A Celebration

To celebrate the success of our first presentation of the Sonic Womb Orrb at the Brain Forum two weeks ago, Julian, Eric and I booked at Dans Le Noir, a restaurant in Clerkenwell where you are served dinner in a pitch black dining room. We wanted to experience what it was like to switch off the sense of sight. Would our hearing become somehow acutely heightened?

We were welcomed in an ante room and bar, and asked to select our menu (vegetarian, non vegetarian or “surprise”) and drinks. Then we were led to a corridor to wait for our blind guide to take us into the dining room. Our guide was the dynamic Fabio, from Palermo. He asked one of us to place our hand on his back, and the others to follow in the same way in a mini conga line as he took us into the darkest environment I have ever encountered. Not a single flicker of light for your eyes to latch onto. The noise of the other diners and their conversations was strangely unhelpful as a means of orientation to the size and shape of the room.

As we sat down, it took me some time for an overwhelming feeling of claustrophobia to subside. The aggressive cacophony of diners around us gave rise to an irrational fear of being trapped in the dark forever. As I strained my voice to be heard above the noise level, it sounded to me as if it were disembodied. The three of us found ourselves seeking the reassurance of touch by linking our hands together across the table. After a while, and the distraction of the first dish being brought to the table, the habituation to the new environment set in.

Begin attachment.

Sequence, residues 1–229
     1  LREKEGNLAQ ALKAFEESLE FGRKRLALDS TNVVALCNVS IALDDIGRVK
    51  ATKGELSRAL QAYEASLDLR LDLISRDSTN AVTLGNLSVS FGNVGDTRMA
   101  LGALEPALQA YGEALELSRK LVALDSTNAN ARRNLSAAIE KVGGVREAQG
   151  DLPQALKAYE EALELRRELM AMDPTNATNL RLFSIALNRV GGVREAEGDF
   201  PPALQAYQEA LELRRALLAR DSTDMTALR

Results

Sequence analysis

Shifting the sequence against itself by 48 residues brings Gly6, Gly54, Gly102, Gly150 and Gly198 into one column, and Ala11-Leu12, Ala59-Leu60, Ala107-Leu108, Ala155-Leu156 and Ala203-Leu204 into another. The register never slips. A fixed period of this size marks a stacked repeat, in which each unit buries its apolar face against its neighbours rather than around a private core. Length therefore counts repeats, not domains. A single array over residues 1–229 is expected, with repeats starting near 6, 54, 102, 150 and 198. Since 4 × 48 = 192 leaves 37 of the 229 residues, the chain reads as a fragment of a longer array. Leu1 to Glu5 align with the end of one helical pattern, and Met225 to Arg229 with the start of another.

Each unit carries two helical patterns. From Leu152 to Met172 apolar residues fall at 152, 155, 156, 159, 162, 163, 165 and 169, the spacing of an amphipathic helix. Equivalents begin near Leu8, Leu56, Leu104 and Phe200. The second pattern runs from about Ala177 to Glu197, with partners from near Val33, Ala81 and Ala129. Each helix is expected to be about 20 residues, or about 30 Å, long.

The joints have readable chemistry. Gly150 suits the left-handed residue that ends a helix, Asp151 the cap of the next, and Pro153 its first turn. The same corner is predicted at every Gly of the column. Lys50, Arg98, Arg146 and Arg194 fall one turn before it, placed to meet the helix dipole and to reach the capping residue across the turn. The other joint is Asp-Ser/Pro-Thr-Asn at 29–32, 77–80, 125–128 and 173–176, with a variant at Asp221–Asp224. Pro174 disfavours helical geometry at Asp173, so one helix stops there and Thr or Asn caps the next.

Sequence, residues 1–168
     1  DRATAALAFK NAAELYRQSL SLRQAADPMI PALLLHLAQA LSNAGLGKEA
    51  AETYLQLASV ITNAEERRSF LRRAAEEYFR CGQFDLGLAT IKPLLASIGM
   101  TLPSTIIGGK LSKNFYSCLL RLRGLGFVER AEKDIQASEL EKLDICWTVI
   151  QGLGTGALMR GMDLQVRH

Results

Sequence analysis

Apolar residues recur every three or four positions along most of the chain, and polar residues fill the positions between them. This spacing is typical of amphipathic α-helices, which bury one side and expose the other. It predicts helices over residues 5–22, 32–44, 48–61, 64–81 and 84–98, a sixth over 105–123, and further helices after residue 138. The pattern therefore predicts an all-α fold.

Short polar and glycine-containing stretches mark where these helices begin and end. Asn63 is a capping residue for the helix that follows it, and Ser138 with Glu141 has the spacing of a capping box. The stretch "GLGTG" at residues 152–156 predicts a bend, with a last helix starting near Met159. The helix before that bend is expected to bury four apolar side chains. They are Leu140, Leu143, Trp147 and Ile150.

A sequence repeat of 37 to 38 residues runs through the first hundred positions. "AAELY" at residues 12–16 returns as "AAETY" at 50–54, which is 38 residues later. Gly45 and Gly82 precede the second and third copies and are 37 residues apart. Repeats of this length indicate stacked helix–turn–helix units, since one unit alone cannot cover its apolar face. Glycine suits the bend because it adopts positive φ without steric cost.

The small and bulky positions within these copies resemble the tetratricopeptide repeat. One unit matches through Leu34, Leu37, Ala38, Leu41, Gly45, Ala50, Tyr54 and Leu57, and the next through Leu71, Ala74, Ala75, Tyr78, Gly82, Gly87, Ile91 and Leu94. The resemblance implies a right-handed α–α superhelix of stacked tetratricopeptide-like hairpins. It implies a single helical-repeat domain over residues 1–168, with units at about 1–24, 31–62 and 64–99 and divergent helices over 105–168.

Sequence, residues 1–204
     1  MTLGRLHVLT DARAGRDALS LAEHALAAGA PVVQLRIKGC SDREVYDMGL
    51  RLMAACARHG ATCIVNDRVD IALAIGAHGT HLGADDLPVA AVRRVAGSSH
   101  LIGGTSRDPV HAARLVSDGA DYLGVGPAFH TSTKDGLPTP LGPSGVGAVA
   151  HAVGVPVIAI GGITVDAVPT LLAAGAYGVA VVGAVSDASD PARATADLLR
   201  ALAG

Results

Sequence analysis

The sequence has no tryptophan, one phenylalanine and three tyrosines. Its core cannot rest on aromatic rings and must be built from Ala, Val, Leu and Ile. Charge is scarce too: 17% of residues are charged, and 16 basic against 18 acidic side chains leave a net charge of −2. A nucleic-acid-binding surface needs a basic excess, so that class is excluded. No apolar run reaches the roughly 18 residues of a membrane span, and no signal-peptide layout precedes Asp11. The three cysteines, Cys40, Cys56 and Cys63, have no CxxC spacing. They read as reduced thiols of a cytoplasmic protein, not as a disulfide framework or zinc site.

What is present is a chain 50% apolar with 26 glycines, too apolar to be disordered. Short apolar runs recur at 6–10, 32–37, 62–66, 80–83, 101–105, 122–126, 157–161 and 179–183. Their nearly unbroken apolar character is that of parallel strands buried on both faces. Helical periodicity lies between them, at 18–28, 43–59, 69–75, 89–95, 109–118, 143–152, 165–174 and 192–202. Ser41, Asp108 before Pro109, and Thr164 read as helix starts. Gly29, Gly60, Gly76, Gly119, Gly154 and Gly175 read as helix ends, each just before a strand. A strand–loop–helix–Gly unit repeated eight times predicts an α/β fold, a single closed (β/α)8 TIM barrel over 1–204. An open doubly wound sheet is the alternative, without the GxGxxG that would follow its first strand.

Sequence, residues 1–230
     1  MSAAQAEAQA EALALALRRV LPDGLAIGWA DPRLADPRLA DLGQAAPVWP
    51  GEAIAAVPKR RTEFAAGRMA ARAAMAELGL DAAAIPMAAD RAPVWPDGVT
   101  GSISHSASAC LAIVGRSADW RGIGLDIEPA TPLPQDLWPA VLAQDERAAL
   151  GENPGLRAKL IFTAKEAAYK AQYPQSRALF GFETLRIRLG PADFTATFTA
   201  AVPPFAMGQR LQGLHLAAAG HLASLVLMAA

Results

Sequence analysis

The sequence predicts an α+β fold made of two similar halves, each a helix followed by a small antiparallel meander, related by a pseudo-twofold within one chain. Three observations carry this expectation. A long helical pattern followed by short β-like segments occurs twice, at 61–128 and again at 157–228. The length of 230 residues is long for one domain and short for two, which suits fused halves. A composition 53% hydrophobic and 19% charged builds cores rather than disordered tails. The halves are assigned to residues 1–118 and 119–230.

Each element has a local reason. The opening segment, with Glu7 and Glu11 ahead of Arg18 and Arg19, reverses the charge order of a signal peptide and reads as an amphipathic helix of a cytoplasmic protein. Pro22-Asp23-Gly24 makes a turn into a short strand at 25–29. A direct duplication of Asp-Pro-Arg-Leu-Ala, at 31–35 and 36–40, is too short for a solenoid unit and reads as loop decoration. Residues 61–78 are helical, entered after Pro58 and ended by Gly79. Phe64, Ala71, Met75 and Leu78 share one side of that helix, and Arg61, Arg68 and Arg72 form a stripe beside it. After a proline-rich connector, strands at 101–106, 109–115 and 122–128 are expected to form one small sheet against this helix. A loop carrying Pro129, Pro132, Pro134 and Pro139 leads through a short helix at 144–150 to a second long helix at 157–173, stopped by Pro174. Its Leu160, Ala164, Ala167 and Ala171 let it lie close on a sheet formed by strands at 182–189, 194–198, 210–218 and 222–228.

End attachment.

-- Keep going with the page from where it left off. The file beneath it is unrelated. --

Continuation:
If one had to decide which sense takes over from sight in this environment it would definitely be touch, not hearing. Trying to put food inside your mouth you find that using your fingers enhances the taste, as it helps define what the ingredient is. Simple ingredients are easily identified: orange zest, chocolate, strawberries. But any mixed ingredients become impossible to figure out, and indeed we know that food and drink are predominantly identified by smell and sight, not taste.

The most enjoyable part of the evening was at the end of the meal, when we remained the last table of diners, the noise of others having disappeared, and the waiters and waitresses started clearing up. Surrounded only now by the light sound of clatter and our own conversation it starting feeling more like the sound of one’s own home.


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